Nieman Foundation at Harvard
HOME
          
LATEST STORY
Spanish-language misinformation is flourishing — and often hidden. Is help on the way?
ABOUT                    SUBSCRIBE

Articles by Ken Doctor

Ken Doctor is a news industry analyst and the author of Newsonomics: Twelve New Trends That Will Shape the News You Get (St. Martin’s Press). He also runs the book’s companion website, newsonomics.com. He is an analyst for the research firm Outsell and a regular consultant and speaker. He spent 21 years with Knight Ridder in a variety of roles, including as managing editor of the St. Paul Pioneer Press and as a vice president of Knight Ridder Digital.
@kdoctor
Also see results from other Nieman sites
“Engineering now is the second largest functional area at the New York Times, only behind journalism, and the largest function by far on the business side.”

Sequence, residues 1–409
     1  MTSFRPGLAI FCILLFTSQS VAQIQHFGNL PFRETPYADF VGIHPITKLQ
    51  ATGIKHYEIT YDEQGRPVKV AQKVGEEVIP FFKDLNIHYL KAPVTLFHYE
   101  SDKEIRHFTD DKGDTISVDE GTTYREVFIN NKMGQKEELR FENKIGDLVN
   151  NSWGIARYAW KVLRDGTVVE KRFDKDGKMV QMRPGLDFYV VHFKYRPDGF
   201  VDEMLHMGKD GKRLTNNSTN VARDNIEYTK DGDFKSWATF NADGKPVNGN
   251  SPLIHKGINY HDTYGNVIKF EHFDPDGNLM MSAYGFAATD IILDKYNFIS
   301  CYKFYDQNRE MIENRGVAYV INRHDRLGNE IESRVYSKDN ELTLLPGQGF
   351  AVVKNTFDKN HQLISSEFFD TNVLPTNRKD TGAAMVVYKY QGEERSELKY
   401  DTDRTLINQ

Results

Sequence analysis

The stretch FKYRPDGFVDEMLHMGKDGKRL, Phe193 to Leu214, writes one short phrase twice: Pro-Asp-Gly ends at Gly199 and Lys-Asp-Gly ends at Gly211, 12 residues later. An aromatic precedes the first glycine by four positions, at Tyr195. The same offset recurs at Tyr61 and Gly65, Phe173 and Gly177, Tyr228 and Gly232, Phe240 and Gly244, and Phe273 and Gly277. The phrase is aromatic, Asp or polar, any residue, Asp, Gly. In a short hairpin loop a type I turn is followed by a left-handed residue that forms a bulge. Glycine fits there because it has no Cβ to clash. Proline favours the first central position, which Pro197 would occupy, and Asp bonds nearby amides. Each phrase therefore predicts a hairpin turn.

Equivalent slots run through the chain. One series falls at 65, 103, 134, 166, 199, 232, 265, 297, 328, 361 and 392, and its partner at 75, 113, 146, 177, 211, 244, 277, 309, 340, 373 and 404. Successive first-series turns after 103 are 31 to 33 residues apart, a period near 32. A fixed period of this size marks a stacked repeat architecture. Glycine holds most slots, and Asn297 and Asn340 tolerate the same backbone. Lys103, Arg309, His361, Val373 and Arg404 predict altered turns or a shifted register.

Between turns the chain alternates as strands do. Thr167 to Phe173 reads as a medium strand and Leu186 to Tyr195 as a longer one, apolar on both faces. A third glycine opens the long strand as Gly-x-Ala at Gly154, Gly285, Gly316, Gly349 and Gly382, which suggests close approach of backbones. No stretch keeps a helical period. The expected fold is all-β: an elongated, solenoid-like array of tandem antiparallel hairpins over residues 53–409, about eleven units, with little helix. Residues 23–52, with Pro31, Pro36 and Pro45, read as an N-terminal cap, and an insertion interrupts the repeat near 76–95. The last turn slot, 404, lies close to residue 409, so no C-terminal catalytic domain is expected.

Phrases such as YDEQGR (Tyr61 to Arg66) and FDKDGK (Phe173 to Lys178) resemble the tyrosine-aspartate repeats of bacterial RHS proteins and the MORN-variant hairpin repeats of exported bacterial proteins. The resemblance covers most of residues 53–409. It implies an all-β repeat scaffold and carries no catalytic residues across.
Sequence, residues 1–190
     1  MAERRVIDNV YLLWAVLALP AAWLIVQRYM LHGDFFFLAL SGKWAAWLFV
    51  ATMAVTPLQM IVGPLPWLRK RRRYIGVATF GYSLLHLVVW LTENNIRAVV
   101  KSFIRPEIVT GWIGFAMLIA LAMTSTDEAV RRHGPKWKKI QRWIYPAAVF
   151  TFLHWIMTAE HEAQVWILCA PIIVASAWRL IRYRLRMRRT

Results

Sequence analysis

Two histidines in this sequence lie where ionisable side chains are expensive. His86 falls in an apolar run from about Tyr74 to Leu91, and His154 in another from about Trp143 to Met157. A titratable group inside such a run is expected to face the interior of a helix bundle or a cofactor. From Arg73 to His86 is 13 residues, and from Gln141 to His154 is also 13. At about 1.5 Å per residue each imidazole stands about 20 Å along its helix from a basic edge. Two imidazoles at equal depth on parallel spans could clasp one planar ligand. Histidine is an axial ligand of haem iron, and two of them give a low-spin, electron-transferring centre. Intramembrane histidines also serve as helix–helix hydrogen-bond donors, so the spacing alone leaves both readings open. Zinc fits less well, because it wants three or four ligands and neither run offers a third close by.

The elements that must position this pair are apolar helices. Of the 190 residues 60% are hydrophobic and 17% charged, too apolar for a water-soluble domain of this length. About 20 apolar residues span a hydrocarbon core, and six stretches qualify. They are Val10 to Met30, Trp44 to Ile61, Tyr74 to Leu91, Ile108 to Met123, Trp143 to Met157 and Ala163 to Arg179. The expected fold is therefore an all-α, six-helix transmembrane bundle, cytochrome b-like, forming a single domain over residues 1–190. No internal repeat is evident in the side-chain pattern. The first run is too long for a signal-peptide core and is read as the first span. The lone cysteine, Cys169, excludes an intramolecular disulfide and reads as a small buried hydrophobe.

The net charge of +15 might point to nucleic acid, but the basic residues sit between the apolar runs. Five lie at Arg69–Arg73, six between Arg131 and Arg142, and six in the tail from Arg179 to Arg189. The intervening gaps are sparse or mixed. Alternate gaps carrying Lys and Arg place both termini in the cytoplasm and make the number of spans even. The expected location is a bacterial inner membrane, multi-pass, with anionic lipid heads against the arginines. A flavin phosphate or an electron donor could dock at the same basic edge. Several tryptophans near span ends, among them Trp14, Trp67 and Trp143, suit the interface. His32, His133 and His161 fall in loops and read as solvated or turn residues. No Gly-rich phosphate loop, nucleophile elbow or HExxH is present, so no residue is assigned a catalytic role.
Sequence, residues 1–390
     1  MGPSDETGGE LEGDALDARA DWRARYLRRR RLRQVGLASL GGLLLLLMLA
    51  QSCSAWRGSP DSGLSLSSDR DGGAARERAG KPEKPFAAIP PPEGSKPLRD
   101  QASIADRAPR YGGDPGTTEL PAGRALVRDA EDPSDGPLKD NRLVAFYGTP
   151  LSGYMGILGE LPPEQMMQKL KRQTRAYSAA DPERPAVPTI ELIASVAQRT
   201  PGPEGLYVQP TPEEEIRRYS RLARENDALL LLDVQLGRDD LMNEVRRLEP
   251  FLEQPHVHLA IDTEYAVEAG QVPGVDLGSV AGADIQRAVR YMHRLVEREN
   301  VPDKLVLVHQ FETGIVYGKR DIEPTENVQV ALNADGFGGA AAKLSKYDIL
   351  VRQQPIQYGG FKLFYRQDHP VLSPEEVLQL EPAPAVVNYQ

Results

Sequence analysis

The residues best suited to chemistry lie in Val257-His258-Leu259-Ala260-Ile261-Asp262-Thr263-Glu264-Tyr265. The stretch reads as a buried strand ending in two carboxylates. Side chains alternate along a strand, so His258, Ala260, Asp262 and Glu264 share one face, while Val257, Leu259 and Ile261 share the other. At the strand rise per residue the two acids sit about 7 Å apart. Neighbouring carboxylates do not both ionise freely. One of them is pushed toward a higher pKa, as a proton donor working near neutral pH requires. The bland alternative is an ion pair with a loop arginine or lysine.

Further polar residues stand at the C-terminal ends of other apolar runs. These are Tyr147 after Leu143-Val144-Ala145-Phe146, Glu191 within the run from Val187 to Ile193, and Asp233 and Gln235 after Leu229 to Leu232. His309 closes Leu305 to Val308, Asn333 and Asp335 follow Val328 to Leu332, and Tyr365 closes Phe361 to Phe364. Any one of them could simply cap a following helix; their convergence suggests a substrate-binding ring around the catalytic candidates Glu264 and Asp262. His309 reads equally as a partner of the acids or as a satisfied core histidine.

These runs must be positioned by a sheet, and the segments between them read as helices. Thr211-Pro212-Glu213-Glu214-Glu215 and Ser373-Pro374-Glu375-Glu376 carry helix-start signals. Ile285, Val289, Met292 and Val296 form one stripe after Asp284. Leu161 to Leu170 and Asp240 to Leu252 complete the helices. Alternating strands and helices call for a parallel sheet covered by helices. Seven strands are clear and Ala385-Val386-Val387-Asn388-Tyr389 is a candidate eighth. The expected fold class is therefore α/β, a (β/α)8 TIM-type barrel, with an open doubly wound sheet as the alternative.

The hedge fund Chatham Asset Management reeled in its prize, as expected. But now what does it want to do with it?
But Alden Global Capital would be happy to lend a hand. Plus: When a standstill isn’t really a standstill.
Tribune and McClatchy are both approaching critical deadlines that could lead to mergers, divisions — or even the first big nonprofit newspaper chain in the United States.
A giant potential audience isn’t good enough on its own anymore: “It’s time to re-examine all of our relationships with the big platforms.”
“You want to move your business and your model to the place on the media chessboard where the dollars are going to be going” — the TV money that will follow audiences to streaming.
A new round of consolidation could kill off half of what were the major U.S. newspaper chains just a few months ago. But the possibility of platform cash is sparking hope.
The company’s stock can’t fall much lower, but the questions surrounding America’s largest newspaper chain are beginning to multiply.
By gutting local advertising overnight, COVID-19 has accelerated strategies — like cutting print days, corporate consolidation, or even closing down offices — that publishers had hoped could wait a while longer.
The coronavirus pandemic is proving the value of local news to millions of readers, driving up subscriptions. But the advertising collapse is knee-buckling. “If it’s a couple of months, we’ll make it through. If it’s six months, all bets are off.”